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Differences in the high-temperature tolerance of Aphis craccivora (Hemiptera: Aphididae) on cotton and soybean: Implications for ecological niche switching among hosts

Zhaozhi, L., Likai, F., Guizhen, G., Ling-Ling, G., Han, P., Sharma, S. and Zalucki, M.P. (2017) Differences in the high-temperature tolerance of Aphis craccivora (Hemiptera: Aphididae) on cotton and soybean: Implications for ecological niche switching among hosts. Applied Entomology and Zoology, 52 (1). pp. 9-18.

Link to Published Version: http://dx.doi.org/10.1007/s13355-016-0446-z
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Abstract

To forecast the effects of climate change and extreme temperature events on insect population dynamics, the high-temperature tolerance of insects must be taken into account. We compared the life-history characteristics of cowpea aphid (Aphis craccivora Koch) across different temperature regimes on two different host plants, soybean (a preferred host) and cotton (a non-preferred host). Most demographic parameters were superior for the aphid on soybean than on cotton. Temperatures affected aphid development more on cotton than on soybean. The intrinsic rate of increase, reproduction rate, number of progeny per adult, and longevity were significantly higher on soybean than on cotton for the same temperature regime. Temperatures that fluctuated to extreme levels caused a rapid decline in each of these parameters for aphids fed on cotton, but not for those fed on soybean. To our knowledge, this is the first report to note that the high-temperature tolerance of A. craccivora is host-specific (cotton vs. soybean). Our findings may partly explain the observed niche switching of the cowpea aphid (Aphis craccivora) from cotton to soybean at the beginning of summer when the temperature goes up in the Xinjiang cotton-growing zone (Northwest China). This host mediation of high-temperature tolerance in aphids should be taken into account when modeling population dynamics under the influence of global warming, host adaptation, and the risk analysis of alien pest invasions.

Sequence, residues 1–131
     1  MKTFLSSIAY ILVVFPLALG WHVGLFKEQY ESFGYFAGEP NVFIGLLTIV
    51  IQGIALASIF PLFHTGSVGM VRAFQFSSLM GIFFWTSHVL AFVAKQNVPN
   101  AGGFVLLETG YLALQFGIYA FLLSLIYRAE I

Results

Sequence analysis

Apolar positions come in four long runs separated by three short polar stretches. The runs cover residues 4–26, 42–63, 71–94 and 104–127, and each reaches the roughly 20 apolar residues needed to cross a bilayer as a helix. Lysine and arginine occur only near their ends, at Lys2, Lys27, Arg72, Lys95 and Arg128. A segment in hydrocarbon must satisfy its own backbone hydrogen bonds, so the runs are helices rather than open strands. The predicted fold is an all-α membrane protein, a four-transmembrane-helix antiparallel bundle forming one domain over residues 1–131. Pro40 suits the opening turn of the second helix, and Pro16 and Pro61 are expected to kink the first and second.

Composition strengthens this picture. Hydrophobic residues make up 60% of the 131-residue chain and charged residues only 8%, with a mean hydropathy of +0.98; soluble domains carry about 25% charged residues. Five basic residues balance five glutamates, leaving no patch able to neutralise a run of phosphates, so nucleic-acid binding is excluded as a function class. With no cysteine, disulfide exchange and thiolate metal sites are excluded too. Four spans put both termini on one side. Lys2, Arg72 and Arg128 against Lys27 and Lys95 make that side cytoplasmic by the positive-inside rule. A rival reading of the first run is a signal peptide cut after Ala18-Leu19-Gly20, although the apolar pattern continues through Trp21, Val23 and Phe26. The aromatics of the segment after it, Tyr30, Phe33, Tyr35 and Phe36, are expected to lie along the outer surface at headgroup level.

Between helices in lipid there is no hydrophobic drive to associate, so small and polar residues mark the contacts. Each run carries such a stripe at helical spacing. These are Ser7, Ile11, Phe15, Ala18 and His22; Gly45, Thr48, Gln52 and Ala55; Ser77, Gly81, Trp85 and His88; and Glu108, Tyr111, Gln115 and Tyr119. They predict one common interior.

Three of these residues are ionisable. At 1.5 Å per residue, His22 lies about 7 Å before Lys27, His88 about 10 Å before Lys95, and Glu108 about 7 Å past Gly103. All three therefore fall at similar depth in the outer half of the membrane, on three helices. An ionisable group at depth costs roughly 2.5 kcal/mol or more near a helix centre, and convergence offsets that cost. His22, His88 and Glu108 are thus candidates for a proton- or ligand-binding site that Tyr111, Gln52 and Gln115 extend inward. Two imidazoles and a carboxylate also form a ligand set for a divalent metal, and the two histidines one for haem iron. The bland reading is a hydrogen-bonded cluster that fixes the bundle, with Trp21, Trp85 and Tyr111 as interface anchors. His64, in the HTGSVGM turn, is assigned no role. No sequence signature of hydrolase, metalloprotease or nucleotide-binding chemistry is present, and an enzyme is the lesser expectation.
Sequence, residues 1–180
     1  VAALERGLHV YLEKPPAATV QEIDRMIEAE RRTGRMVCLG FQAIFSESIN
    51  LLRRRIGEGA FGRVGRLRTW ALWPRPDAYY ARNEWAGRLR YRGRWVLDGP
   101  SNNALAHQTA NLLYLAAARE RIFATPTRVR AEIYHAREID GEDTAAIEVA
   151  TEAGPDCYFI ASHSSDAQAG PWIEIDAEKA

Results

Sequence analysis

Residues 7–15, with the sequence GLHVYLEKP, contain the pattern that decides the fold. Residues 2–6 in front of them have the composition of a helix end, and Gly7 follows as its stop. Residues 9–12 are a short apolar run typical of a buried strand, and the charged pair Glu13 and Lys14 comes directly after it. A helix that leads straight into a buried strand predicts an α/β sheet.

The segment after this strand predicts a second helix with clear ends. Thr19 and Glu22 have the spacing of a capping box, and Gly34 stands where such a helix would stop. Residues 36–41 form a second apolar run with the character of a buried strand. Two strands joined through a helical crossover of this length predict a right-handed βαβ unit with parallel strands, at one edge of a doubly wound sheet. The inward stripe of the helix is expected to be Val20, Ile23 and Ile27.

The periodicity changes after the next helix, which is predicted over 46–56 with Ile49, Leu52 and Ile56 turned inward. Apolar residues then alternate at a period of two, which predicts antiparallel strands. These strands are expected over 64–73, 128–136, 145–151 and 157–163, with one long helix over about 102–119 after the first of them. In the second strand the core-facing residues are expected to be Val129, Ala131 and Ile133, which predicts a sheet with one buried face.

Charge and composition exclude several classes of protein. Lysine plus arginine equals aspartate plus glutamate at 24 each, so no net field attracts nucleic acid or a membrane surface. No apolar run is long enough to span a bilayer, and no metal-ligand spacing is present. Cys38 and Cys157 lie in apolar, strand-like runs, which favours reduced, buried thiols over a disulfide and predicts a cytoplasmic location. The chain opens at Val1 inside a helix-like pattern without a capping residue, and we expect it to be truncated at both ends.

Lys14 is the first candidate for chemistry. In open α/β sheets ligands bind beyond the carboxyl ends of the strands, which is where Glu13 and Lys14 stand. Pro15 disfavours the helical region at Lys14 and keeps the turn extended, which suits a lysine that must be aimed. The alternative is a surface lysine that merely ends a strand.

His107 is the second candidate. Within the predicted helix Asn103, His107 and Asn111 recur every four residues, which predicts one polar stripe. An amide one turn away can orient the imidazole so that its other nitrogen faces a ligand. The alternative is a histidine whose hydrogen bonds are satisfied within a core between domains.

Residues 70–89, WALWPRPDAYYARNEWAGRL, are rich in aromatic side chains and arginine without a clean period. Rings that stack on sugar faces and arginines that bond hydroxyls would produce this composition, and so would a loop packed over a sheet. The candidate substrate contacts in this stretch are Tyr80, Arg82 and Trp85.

Publication Type: Journal Article
Publisher: Springer Nature
Copyright: © 2016 The Japanese Society of Applied Entomology and Zoology
URI: http://researchrepository.murdoch.edu.au/id/eprint/35548
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